She also talked about why she is campaigning to ditch the 'Health Star Rating' system - read more about that here, and sign the petition if you agree.

The attendees all went home with some Essential Broth in the goody-bags. We were in good company alongside fabulous products like Cathedral Cove (their Raspberry-Chia Coconut Yoghurt is something else!).

I may have coerced a few people into having a go at baking and 'treats' with the beef broth. You can use beef broth (skim the fat off first and hang on to it for cooking with) for pretty much anything that requires a liquid - hot chocolate, brownies, smoothies etc. The favourite in my house are Beef Broth Ice Blocks, aka 'dinner & dessert on a stick.' So much goodness in them - Lola loves them, and will sometimes eat two or three a day.

Here is my recipe. Enjoy!



Beautiful, yet terrifying visual or what is happening in our food & medical systems...

The first antibiotic - penicillin - was discovered 88 years ago (for a magnificent re-telling of the discovery, THIS in one of my all time favourite reads).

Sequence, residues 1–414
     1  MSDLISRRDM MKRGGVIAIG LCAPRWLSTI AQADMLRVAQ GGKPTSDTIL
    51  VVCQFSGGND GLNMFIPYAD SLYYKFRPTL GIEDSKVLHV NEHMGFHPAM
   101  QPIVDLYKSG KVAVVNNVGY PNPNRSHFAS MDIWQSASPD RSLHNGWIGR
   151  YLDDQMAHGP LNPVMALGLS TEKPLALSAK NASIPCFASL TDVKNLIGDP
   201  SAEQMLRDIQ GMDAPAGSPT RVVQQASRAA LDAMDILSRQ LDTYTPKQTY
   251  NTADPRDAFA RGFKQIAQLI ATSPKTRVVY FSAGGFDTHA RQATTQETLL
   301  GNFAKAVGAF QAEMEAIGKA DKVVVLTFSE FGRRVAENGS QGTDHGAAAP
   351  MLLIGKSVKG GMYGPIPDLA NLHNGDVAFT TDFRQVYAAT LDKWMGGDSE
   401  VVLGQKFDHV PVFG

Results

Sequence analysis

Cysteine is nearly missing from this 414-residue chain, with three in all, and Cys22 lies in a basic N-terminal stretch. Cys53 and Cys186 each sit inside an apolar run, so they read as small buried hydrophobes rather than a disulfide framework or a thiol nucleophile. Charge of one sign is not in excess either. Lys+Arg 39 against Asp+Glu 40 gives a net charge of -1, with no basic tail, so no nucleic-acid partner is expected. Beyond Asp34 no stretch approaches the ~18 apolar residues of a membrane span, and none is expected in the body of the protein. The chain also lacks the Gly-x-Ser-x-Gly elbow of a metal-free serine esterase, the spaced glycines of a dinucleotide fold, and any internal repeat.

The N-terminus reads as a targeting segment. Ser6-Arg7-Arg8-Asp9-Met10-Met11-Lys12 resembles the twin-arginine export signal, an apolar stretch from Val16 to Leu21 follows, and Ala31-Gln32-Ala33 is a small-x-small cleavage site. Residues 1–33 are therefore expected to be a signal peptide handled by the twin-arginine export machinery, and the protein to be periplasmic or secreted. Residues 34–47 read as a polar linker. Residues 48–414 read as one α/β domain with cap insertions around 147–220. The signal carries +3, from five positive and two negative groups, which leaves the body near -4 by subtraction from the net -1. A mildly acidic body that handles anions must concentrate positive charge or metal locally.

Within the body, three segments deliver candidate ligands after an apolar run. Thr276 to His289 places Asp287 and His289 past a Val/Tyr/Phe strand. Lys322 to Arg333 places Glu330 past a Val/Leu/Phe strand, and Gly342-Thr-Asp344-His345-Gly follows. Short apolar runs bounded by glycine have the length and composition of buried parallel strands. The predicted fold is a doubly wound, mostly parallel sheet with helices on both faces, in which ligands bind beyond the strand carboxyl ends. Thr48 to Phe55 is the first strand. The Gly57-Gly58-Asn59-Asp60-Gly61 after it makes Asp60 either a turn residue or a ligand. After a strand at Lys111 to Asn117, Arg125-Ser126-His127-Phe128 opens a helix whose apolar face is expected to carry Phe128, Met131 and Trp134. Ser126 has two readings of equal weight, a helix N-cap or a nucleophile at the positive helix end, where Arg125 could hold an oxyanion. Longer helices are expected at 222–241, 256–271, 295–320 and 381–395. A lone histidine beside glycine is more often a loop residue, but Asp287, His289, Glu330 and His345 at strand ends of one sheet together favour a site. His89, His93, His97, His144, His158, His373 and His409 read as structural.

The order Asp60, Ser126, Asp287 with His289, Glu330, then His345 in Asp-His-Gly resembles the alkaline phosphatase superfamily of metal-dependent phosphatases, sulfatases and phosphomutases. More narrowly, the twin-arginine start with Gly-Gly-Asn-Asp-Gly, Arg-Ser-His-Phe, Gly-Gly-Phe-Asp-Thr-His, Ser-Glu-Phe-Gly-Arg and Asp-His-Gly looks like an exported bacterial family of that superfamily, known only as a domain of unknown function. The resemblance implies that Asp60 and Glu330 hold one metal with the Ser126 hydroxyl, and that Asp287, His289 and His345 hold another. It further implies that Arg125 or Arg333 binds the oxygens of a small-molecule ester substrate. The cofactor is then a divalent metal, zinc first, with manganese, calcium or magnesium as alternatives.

A lack of foresight, or some might argue - greed, and a wilful obtusity, in the fields of medicine and agriculture has led to a modern crisis: Antibiotic resistance.

A team at Harvard University has produced this short film to demonstrate the evolution of antibiotic resistance in 11 days.

It is a strangely beautiful clip - a wonderful demonstration of the magnificence of evolution (if you are interested in evolution, then THIS BOOK is an absolute must-read); and a terrifying glimpse at how vulnerable we may be when we fail to adequately respect nature.

If our planet is to thrive, food and medicine must change in the coming years to preserve natural ecologies, and work in harmony with nature.

Rainy day dumplings

Seriously distracted by a lecture (see link below if you are a fellow microbaphile) on gut microbes by Alessio Fasano (the godfather of gut permeability) today, so food-prep time is limited. 

Hooray for a handful of dumplings and Bok Choy tossed into some Chicken & Duck broth (along with some garlic and coconut aminos). Got broth - got dinner! 


5 minute dinner for Lola

I'm playing catch-up rugby today, so I didn't get a chance to prepare dinner for Lola.

So I made '5 minute dinner' a.k.a. 'broth with chopped things in it.'